It made me smile when I saw 70,000 girls going crazy over boy band One Direction last week.
The fans screamed, whistled and went hysterical over those five young guys.
Boy bands come and go, have their moment in the sun and often fade into obscurity. But what interests me is the effect they have on teenage girls.
For a brief period of time all they want is to see, touch and feel close to those lads who have captured their heart and soul.
I know how it feels because in the ’60s I was the same!
There was this new boy band who were making it big time . . .
At high school my friends and I spent every playtime discussing which Beatle we loved best. I was a Paul McCartney girl.
We had the singles and the LPs, which we played ad infinitum on our Dansette record players. We read the fan magazines and knew the details of their lives.
We fantasised about what we would say if ever we met them.
And then astonishingly we heard they were coming The Beatles were actually coming to play a concert in Glasgow!
Planning was required. Playing truant was the only option.
Tickets went on sale one Monday morning and my friend Wilma and I were in the queue. Hundreds of teenage girls high on adrenalin giggled and sang as we waited.
Slowly the queue inched forwards. Eventually we had the two precious tickets. Bliss.
In the weeks that followed we planned our strategy. We would take up our positions hours before the concert.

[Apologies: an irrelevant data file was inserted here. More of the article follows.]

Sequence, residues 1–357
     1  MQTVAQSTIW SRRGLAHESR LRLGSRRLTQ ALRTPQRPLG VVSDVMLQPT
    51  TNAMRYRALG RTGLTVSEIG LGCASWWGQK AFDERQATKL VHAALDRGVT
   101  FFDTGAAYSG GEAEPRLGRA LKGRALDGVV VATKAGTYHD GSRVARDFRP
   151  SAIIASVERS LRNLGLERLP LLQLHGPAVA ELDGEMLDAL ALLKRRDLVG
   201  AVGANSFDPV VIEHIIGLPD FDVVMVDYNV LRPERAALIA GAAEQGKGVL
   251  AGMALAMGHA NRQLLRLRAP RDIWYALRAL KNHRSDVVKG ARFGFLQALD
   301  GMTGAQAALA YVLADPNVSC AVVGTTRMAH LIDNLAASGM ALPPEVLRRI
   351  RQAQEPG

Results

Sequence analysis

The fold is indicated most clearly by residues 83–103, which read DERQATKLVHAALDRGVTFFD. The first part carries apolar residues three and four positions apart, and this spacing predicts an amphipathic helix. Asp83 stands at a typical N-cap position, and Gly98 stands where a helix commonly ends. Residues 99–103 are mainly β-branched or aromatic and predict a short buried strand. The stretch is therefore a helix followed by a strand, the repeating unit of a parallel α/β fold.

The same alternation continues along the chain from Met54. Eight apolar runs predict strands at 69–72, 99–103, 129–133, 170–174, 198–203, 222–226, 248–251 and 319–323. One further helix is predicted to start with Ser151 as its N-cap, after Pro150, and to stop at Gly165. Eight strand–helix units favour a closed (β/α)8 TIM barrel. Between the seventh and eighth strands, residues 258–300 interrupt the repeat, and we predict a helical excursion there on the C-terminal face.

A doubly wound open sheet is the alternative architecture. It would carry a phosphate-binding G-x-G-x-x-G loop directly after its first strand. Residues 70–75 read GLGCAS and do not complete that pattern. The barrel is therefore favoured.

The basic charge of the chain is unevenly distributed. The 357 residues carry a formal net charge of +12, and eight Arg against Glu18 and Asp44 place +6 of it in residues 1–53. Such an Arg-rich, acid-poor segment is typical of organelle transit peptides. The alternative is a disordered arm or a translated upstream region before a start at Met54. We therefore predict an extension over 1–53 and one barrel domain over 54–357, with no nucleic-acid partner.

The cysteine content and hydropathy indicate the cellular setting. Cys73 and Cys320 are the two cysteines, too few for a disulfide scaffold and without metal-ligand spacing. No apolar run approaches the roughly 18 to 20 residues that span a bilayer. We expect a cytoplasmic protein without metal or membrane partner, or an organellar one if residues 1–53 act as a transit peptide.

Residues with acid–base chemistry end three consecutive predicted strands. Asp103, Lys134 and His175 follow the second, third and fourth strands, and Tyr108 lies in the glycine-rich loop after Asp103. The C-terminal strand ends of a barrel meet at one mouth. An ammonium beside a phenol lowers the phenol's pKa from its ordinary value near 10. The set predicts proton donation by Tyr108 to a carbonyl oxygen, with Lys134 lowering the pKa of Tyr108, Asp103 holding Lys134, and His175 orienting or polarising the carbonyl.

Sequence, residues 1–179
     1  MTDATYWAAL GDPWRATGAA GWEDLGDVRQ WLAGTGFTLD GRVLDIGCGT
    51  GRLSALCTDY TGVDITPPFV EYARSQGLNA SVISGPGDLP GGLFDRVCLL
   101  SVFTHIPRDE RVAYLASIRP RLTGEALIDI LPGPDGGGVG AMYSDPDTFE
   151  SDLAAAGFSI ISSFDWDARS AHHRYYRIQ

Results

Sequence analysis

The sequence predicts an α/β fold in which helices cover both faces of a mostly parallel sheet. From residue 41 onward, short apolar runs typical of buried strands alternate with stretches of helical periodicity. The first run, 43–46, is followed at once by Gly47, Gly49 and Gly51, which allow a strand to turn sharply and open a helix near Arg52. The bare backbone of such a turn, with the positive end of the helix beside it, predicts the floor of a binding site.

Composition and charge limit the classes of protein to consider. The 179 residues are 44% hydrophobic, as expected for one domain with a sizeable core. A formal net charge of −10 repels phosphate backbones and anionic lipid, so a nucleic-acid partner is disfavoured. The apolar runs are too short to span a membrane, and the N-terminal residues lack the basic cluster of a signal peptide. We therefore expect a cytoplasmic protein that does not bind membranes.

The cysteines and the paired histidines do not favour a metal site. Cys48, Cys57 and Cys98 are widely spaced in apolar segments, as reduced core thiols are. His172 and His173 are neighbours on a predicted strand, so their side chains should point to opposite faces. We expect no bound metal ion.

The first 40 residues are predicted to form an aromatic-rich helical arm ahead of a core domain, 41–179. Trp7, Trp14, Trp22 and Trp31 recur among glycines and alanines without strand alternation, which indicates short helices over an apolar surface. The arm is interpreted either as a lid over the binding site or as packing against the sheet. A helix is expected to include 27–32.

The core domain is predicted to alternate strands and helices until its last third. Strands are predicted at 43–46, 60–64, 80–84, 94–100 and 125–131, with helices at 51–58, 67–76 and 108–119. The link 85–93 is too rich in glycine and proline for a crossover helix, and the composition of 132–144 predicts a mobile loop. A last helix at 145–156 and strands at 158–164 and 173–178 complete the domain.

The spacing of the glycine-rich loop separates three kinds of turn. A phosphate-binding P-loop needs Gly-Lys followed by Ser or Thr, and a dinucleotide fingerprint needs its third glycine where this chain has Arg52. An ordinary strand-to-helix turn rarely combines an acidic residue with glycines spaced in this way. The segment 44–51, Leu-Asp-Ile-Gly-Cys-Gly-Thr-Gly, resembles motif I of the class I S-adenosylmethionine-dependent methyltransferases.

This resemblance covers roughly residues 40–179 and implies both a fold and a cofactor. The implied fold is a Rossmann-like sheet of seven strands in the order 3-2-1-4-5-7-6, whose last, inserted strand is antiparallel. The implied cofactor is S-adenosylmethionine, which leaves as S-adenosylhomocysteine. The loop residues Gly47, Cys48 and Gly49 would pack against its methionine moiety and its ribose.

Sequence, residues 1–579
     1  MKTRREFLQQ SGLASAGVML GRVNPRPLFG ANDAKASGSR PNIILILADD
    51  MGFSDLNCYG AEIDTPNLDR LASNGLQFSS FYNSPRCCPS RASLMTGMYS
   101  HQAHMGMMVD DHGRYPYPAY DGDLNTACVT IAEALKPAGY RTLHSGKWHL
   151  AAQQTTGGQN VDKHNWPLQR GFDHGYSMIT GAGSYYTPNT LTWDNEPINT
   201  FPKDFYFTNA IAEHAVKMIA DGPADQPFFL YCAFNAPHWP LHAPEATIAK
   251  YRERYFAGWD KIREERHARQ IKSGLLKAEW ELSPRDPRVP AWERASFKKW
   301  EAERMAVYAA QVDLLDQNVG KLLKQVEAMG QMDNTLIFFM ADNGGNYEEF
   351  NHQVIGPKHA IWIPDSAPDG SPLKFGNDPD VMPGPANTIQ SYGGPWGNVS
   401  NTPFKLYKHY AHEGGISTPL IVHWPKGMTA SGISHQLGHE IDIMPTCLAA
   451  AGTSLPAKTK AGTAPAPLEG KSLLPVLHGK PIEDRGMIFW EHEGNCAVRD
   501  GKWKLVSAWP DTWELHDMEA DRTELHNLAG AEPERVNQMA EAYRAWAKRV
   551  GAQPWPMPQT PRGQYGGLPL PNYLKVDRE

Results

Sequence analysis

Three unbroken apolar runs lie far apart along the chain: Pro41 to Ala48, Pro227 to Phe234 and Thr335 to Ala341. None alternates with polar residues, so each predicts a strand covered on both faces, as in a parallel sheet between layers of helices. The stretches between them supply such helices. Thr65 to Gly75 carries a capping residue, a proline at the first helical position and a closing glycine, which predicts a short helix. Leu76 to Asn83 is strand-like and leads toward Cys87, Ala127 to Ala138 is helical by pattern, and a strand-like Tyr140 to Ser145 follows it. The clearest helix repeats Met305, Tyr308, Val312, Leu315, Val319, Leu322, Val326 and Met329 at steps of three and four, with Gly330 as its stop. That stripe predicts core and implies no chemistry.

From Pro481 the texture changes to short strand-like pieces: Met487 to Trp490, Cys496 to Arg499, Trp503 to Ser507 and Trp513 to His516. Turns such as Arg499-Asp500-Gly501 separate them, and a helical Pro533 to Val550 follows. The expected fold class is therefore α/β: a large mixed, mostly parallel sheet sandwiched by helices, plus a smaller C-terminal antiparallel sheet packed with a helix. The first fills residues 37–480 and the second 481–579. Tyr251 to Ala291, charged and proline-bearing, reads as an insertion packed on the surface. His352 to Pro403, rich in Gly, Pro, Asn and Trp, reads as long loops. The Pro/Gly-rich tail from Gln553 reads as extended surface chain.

Another forged school note claiming a bout of flu was required of course.
What do I remember of that night?
A new mini skirt from Chelsea Girl. Silver flecked purple eyeshadow applied carefully, and Mary Quant pale pink lipstick. A voice hoarse with screaming as we waited for their arrival. The jostling and hysteria as we tried to get near the Fab Four. One girl fainting in the excitement.
Inside, the screaming/singing/adulation of a theatre filled with hundreds of teenage girls.
The appearance of four diminutive figures on stage, their music drowned out by the explosion of sound from the frenzied female audience.
We laughed, we sang, we cried. Some girls threw their pants and bras on stage.
It was a night of feverish emotion and when The Beatles left the stage for the last time I sobbed on my friend’s shoulder.
So, One Direction fans I know how you feel.
Five decades on, teenage girls haven’t changed. Thank goodness for that.
You’ll remember that August day in 2013, and smile at your innocence and passion.
It’s part of growing up.
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